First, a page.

If one country had more gold than another, it was necessarily better off.
If one country had more gold than another, it was necessarily better off.Tags: Intro Of A Research PaperRutgers Thesis DatabaseEmergency Room EssayBusiness Argumentative Essay TopicsEssay About Taj Mahal AgraThesis Completion CertificateIntro Sentence For EssayInternational Baccalaureate Application EssayProblem To Be SolvedMiddle School Social Studies Praxis Essay Questions
The best way of ensuring a country’s prosperity was to make few imports and many exports, thereby generating a net inflow of foreign exchange and maximising the country’s gold stocks. Accumulating gold was thought to be necessary for a strong, powerful state.
Countries such as Britain implemented policies which were designed to protect its traders and maximise income.
But Mr Grampp argues that, on the whole, we should stop confusing mercantilism and bullionism.
Few mercantilists were slaves to the balance of payments.
In 1598 Barthélemy de Laffemas, a French thinker, denounced those who opposed the use of expensive silks.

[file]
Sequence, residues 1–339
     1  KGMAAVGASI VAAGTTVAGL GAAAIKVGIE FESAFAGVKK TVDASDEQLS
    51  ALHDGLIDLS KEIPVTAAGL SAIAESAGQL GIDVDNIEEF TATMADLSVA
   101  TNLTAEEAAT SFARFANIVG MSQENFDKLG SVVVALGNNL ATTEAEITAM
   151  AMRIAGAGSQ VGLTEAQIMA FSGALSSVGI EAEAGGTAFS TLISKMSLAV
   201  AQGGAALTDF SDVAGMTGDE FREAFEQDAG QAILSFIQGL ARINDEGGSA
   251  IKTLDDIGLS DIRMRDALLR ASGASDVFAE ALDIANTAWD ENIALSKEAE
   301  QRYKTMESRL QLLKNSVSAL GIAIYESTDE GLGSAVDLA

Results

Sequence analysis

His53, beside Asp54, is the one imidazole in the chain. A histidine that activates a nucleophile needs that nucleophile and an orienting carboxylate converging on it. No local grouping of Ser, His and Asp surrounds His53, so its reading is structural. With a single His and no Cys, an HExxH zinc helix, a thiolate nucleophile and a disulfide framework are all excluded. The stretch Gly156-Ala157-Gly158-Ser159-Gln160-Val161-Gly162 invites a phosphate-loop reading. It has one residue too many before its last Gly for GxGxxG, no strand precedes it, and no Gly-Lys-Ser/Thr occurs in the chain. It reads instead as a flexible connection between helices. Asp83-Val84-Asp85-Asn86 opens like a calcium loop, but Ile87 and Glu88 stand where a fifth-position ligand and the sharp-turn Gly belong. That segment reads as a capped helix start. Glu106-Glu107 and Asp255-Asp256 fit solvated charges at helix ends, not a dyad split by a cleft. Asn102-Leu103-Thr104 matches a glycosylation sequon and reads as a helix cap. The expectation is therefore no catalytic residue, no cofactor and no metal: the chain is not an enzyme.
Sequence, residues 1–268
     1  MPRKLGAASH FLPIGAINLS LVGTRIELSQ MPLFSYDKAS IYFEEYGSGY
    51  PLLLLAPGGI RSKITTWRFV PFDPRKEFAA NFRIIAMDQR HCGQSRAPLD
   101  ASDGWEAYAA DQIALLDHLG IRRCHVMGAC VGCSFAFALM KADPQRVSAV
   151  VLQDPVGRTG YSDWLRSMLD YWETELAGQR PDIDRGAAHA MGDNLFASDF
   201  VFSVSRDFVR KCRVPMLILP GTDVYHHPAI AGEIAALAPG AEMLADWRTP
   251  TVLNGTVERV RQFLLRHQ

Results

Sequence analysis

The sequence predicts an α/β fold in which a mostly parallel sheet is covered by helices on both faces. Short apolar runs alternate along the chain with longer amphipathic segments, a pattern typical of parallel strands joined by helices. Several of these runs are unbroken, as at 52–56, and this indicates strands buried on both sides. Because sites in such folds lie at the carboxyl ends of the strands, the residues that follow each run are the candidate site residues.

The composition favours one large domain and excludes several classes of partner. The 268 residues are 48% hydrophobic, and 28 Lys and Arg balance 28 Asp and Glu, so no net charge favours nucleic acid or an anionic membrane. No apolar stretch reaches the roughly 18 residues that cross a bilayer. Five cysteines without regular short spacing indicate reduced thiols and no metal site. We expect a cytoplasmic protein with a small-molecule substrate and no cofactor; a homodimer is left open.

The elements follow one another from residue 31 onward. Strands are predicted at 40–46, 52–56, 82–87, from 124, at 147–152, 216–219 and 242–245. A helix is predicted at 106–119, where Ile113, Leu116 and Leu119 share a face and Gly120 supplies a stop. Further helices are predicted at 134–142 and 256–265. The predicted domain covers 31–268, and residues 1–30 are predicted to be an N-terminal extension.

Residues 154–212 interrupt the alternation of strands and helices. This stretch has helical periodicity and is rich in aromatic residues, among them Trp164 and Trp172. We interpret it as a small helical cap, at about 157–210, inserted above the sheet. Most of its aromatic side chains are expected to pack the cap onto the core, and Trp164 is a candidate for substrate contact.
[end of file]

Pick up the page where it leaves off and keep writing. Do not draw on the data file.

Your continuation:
He argued that purchasers of luxury goods created a livelihood for the poor, whereas the miser who saved his money “caused them to die in distress”.Nicholas Barbon—who pioneered the fire insurance industry after the Great Fire of London in 1666—wanted money to be invested, not hoarded.As William Petty—arguably the first “proper” economist—argued, investment would help to improve labour productivity and increase employment.One often reads in mercantilist tomes that foreign trade would be more beneficial than would domestic trade.And some of the early mercantilists, like John Hales, were enchanted by the idea of an overflowing treasure chest.At the heart of mercantilism is the view that maximising net exports is the best route to national prosperity.Boiled to its essence mercantilism is “bullionism”: the idea that the only true measure of a country’s wealth and success was the amount of gold that it had.Mercantilism is thought to have begun its intellectual eclipse with the publication of Adam Smith’s "Wealth of Nations" in 1776.A simple interpretation of the economic history suggests that Smith’s ruthless advocacy for free markets was squarely opposed to regulation-heavy mercantilist doctrine.Keynes, in a short note to his “General Theory”, approvingly quotes mercantilists, noting that an ample supply of precious metals could be key in maintaining control over domestic interest rates, and therefore to ensuring adequate resource utilisation.In some sense the Keynesian theory of underconsumption—that is, inadequate consumer demand—as a cause of recessions was presaged by mercantilist contributions.